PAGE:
On the other hand, we still have organizations like the NRA who actually exist primarily to ensure that business, in this case gun manufacturers (and related industries) make as large a profit as possible. I, for one, have quite a problem with the power that has been handed off to an organization like the NRA. No matter their stated intent or objectives as an organization, there is something wrong where an entity that only really represents the interest of 10% of our country can influence so much. So to all you NRA supporters – do you really think they are looking out for your best interest? And it extends well beyond this recent stance against universal background checks. We can also see it in another perspective that is directly tied to the Boston Marathon bombings. Luckily, given the events of the week we have a conclusion (of a sort) in less than 5 days – we know who, which is really the core of any other actions. But let’s say that events didn’t unfold as they did and the perpetrators were a little smarter and we didn’t know who they were. We would still be looking at evidence left behind and a good deal of effort would be on the homemade bomb remnants, looking for traces of where things came from as a way to track back to individuals. If we were dependent on this evidence at this point, we can thank the NRA for the difficulty that would be encountered in tracing back where the devices were made based on the explosives used. And as a result, we are all a bit more at risk.
Almost 40 years ago the government developed a way to mark explosives to help trace terrorist bombs. But Congress blocked the research, even after a test of the device helped catch a bomber in Baltimore. Who was behind Congress in voting it down? – the explosives industry and the National Rifle Association, citing safety concerns. More likely driven by lost profit resulting from increased costs and oversight of the process. Then the Oklahoma City bombing put it back on the table and President Clinton proposed legislation to resume the Treasury Department study of the feasibility of mixing tracers, called “taggants,” into dynamite and other explosives. There was discussion to include the fertilizer used to make the Oklahoma City bomb, or other materials that detonate such bombs. A blast would scatter these tiny plastic tracers, which survive as a clue to help find the bomber. Opponents said the government had not proved the devices were safe. Tampering with explosives could put miners and others who work with them at risk, the Institute of Makers of Explosives said. Opponents also argued that the taggant program would be too expensive. The NRA again raised similar safety complaints about taggants in gunpowder, and also likened it to federal registration of firearms. The government wanted to mark the black powder used by owners of old-style muzzle loading guns because it is often used in pipe bombs. Oh-oh – another possibility of federal government in their house. Again, Congress took direction from the NRA and cut off all funding of the taggant program. Interesting, one of the phrases thrown around a the time was “The problem’s not fertilizer, the problem’s people.” Boy, does that sound familiar to the rhetoric of the pro-gun lobby today. Different day, same shit.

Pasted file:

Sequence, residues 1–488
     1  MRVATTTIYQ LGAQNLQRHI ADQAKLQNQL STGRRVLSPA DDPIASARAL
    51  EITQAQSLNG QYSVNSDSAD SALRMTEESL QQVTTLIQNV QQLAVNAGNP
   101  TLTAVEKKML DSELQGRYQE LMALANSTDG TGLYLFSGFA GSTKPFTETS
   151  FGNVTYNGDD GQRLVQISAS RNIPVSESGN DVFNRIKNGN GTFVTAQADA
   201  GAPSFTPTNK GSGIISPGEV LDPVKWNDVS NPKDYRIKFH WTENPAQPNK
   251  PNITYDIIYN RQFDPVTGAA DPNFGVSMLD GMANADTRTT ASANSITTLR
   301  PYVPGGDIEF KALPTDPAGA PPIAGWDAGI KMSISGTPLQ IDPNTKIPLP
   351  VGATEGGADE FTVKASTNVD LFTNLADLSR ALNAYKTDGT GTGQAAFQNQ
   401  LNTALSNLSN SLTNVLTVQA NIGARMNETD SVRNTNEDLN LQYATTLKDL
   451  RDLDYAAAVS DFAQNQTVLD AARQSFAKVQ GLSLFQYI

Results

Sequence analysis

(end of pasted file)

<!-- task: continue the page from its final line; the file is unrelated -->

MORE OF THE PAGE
Will increasing the gun laws fix every problem and keep incidents like Newtown from ever happening? Not at all and that argument by the NRA should be soundly called as bullshit. To not realize as a country that we need to take steps to begin to reduce the likelihood is where the focus and conversation should be. I have reached a point in my life where absolutes never matter – it’s really about the journey to get there and what we can accomplish on that path forward.